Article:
Biological Control

Biological weed management means using living organisms to manage weeds. This most often involves releasing a specific biological control agent, such as an insect, nematode, fungi, or bacteria to a weed-infested area and allowing the agent to attack the weeds. This classical approach for biological control often takes a season or two for the impact to be noticeable.

One of the few successful examples of biological control in agronomic crops is the commercial product Collego, a formulated plant fungus (Colletotrichum gloeosporioides f. sp. aeschynomene) that successfully killed northern jointvetch, but had no effect on other weeds species. However, due to such a narrow spectrum of control, there have been few commercial products developed for agronomic crops.

Grazing by livestock is also a form of “biological weed control” but grazing is not always effective when trying to target specific weeds. Most grazing animals are not selective feeders and will feed on their preferred plants, including crop plants.

Animals such as sheet and cattle have been used to management brush and undesirable vegetation. Use in cash crops is impractical due to their inability to only eat weeds and not eat or damage crop plants (Photo credit: James Miller, USDA Forest Service,

Studies have shown some insects (ground beetles and crickets) and rodents will feed on weeds or weed seeds, potentially consuming large number of seeds. This requires a suitable habitat and weed seed availability when large number of these feeding insects or rodents are present.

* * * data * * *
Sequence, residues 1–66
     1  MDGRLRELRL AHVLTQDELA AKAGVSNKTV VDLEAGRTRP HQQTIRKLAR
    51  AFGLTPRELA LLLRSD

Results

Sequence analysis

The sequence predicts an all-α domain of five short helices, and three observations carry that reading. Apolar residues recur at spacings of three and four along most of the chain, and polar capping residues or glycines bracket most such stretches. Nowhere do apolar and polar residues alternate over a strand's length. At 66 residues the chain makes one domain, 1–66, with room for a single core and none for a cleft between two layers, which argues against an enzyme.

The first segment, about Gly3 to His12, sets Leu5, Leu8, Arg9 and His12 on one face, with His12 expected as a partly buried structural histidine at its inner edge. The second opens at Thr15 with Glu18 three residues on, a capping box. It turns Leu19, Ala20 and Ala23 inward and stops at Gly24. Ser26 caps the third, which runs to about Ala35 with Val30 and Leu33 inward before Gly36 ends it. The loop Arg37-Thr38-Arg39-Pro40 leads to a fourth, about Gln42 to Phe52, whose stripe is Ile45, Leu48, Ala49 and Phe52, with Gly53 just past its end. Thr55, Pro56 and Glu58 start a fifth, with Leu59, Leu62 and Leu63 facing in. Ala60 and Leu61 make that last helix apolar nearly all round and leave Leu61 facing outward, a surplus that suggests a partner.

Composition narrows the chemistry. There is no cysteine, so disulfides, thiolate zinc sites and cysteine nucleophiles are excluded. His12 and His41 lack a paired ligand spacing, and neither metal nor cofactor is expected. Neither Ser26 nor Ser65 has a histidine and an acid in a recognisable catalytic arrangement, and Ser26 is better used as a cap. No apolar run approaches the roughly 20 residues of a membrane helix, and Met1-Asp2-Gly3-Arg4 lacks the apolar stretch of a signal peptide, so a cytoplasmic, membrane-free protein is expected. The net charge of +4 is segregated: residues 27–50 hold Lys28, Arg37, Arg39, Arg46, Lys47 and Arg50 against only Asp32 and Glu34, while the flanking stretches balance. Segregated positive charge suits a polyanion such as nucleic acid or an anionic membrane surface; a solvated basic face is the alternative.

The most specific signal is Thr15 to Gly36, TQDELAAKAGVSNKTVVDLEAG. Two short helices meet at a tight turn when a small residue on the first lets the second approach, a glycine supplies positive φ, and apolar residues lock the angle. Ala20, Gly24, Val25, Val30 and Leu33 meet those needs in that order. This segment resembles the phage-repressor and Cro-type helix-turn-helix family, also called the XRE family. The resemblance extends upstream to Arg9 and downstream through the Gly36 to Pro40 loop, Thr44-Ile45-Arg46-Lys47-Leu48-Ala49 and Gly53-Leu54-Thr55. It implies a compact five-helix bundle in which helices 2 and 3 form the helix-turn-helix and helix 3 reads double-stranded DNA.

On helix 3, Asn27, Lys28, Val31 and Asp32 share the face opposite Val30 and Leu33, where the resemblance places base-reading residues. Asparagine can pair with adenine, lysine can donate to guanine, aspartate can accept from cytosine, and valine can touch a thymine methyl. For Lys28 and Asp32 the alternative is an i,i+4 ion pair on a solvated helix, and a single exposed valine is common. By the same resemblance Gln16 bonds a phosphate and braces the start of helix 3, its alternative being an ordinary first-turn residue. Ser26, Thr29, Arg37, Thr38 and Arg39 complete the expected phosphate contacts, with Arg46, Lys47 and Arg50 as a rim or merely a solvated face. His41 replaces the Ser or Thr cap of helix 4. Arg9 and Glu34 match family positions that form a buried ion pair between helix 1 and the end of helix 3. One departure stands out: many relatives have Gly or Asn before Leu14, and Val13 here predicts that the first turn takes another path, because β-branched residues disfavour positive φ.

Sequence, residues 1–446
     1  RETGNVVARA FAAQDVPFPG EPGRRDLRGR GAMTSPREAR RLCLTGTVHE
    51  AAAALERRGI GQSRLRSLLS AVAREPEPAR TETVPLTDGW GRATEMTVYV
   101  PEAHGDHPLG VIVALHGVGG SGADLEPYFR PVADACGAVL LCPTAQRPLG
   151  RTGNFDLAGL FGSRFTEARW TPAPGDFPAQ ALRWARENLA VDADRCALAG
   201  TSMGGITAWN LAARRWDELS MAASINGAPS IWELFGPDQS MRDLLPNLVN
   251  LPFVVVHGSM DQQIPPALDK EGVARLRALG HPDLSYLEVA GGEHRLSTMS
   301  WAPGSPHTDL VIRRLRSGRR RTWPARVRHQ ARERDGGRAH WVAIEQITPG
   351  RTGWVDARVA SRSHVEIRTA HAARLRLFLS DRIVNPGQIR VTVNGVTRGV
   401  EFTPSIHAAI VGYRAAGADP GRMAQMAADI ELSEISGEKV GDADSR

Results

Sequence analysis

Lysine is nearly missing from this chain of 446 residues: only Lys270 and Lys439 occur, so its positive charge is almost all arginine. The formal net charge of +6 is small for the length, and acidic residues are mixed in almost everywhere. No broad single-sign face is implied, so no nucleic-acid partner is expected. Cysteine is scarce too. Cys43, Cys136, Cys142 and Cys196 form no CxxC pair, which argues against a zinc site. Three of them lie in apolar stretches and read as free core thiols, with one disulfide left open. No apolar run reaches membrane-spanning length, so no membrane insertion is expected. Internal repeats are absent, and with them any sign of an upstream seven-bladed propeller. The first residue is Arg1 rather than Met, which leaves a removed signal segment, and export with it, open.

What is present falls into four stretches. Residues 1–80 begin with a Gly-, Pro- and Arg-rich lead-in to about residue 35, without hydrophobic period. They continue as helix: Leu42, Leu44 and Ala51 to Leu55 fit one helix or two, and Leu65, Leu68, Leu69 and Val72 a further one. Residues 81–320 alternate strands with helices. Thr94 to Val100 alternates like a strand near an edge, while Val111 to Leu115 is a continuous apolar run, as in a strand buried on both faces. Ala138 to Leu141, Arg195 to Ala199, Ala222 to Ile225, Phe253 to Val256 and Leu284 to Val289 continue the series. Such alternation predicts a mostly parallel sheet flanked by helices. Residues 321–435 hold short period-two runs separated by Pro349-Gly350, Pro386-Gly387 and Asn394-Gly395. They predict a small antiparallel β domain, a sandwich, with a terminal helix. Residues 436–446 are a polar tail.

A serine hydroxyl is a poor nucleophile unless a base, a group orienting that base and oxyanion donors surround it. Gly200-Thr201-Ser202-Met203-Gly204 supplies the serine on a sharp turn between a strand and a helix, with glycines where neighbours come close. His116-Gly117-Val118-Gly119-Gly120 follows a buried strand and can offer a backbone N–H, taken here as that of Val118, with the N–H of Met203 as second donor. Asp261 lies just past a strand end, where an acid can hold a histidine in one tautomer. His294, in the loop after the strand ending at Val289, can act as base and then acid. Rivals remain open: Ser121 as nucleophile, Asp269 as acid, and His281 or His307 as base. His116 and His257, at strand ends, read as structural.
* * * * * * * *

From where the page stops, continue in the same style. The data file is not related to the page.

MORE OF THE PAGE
Ground-dwelling insects like some beetle or cricket species will feed on weed seeds. Rodents also will consume significant number of weed seeds. (Photo: credits beetle by Eric Gallandt, University of Maine; field mouse, unknown source)

While the conservation form of biological control can play a role in integrated weed management for grain crops, it is a difficult situation to manipulate. Conserving habitat for seed-feeding insects and rodents, including no-tillage and cover crops, is the best recommendation; however specific guidelines are currently lacking.

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Biological control


  • Annie Klodd
  • Lovreet Shergill
  • Mark VanGessel